Optogenetics as a Possible Cancer Treatment Technique

Chemotherapy, hormone therapy, biological therapies including vaccines and antibodies, painkillers and other drug cocktails produce an array of unwanted side effects to an already ill person. Such side effects often make the disease feel as if it is dragging on longer and longer.

This is a paradox. Packing an ailing body with poison and calling it treatment, all while harming the already pained and sick individual more.

There are many treatment techniques for cancer, but many of them involve prescription drugs that are often harmful to the body. The side effects they produce can be worse than the actual cancer, ranging from hair loss to infertility to organ damage. Drug-free treatments and therapies are now being developed as alternatives to drug treatments.

In hopes of eventually developing new cancer treatment techniques, Michael Levin and his lab at Tufts University in Massachusetts are using optogenetics, which is a technique in which light is used to control cells, to reverse cancerous tumor growth in frogs.

This is the first time optogenetics has been used to target cancer cells. While this technique will likely not be used in human cells for quite some time, it paves the way for treatment methods that do not involve drug therapy.

“We hope we have a new strategy for reprogramming cell activity – we’re cracking the bioelectric code,” Levin told New Scientist.

Normal cancer treatment involves drugs that are often harmful to the body. The optogenetics technique involves injecting a gene into cells that make a light-sensitive protein. Next, they shine a laser on these cells to alter their behaviors. Different proteins will result in different behaviors. The ultimate goal in Levin’s experiment is to see if optogenetics will change the flow of ions into a cell to revert it to a non-dividing state.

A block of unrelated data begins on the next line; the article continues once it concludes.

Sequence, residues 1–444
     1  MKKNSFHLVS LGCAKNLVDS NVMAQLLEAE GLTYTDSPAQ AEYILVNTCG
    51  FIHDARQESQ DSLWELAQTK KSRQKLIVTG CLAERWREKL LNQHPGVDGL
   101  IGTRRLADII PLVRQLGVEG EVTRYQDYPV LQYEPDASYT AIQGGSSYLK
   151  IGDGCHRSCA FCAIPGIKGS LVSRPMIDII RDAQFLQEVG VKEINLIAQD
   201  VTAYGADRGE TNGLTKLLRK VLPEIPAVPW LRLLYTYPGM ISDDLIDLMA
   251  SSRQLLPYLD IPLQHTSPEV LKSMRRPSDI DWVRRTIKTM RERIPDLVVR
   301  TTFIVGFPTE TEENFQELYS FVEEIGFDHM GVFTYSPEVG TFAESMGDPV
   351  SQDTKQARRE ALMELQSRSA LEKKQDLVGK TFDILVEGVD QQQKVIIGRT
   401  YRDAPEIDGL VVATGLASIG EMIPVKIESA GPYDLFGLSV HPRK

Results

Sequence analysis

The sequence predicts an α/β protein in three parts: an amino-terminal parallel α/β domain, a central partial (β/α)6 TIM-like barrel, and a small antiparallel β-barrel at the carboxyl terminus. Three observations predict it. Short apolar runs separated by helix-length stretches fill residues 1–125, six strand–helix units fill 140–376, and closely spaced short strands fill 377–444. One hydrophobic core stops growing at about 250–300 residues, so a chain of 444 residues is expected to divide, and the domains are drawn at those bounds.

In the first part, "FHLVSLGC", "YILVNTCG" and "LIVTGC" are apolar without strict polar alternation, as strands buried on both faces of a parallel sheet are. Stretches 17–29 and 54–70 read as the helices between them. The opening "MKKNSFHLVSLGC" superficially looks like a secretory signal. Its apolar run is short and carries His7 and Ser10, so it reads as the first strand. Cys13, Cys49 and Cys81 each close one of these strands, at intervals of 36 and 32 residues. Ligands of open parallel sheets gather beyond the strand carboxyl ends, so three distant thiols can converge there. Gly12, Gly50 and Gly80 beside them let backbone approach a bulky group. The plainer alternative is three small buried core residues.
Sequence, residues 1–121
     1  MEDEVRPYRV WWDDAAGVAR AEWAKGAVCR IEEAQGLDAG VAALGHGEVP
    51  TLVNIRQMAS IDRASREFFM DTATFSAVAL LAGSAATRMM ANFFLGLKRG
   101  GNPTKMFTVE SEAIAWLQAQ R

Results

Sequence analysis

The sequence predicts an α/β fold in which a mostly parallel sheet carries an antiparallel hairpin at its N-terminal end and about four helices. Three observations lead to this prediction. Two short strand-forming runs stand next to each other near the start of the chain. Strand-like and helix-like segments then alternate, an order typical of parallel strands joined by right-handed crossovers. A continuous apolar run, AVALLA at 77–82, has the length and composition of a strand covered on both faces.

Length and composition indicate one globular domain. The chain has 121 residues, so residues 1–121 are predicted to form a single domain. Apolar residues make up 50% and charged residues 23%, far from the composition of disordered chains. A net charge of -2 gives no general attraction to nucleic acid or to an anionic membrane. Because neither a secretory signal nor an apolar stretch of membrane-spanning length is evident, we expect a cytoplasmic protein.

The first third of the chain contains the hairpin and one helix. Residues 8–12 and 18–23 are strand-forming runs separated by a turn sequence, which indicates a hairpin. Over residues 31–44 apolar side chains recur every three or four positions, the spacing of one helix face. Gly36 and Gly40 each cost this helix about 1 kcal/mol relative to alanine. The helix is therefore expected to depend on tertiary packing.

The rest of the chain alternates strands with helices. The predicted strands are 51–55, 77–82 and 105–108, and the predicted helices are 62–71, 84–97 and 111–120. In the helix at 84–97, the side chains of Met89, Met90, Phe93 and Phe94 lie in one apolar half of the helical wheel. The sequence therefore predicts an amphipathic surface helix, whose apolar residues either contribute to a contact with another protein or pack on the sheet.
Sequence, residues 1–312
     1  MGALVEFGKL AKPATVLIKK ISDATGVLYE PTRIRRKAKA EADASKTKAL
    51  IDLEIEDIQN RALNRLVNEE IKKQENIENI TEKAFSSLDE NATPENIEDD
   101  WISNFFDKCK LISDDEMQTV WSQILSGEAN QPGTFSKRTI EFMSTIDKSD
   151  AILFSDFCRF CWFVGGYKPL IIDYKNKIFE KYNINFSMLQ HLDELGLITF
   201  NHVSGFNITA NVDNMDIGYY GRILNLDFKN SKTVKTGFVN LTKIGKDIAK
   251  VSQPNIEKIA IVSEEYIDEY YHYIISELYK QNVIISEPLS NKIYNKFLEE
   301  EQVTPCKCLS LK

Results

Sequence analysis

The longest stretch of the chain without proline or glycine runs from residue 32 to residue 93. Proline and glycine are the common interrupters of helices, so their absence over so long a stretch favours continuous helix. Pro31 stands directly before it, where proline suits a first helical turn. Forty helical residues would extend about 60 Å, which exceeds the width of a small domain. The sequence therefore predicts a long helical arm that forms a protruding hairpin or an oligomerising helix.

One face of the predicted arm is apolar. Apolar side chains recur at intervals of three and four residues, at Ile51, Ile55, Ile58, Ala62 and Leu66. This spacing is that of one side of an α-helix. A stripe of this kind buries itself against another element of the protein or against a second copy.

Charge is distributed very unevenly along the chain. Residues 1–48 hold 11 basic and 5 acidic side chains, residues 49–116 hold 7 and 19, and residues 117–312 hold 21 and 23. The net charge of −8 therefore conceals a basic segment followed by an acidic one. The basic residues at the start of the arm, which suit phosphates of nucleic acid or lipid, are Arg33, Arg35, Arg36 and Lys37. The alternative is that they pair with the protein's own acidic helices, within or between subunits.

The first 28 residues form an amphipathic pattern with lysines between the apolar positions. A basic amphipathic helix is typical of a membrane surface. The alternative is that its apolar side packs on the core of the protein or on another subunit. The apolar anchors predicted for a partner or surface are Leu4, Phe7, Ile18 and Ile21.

Non-dividing states are ideal for cell communication. Nerve cells communicate through electrical signals. Ions travel into or out of the cell through channels in their membranes. This can trigger similar reactions in other surrounding cells. Often, the messages they transmit include information about their functions or movements. When cells divide to repair themselves, this communication is particularly important. Uncontrolled cell division, however, can lead to cancer. As a cell loses some of its negative charge, tumors spread easier. This is why a non-dividing state is ideal.  

Levin and his team of scientists studied frog embryos for this technique as they are easy to manipulate, according to Levin. They added a gene that predisposed the frog to cancer, as well as a gene that acted as the light activated channel. Once the embryos grew into tadpoles, they developed tumors. The tumors were similar to human tumors, with many of the same properties and behaviors.

After a laser had been shone at the tadpoles’ tumors, roughly a third of the tumors stopped developing.

“They’ve reprogrammed the cancer cells, by altering the electrical status of the cell. They are not cancer cells anymore,” Saverio Gentile of Loyola University Chicago told New Scientist. Essentially, the cells were reverted back to non-dividing states.

Breast and skin cancers may be most ideal for this kind of treatment because they are easy to target with a laser, according to Levin.

If this approach works on humans, it would place scientists closer to developing alternative drug-free treatment methods. Similarly, this method works differently than many cancer drugs, which commonly kill cells.

“Levin has shown that you don’t need to kill the cells – you can take them back to a normal state,” Gentile told New Scientist.

Reverting the cell back to its original state by hitting it with light may be the cancer treatment of the future. Optogenetics merely reverts the cell back to its normal, or non-dividing, state. Standard cancer drugs that target dividing cells are not 100 percent effective, and they often have harsh side effects. This drug-free treatment technique may be a healthier alternative to treating a volatile disease.

The Executive Board at JYI is advised by a Board of Directors, which is comprised of JYI alumni who now work in such diverse sectors as business, academia, publishing, and non-profit.
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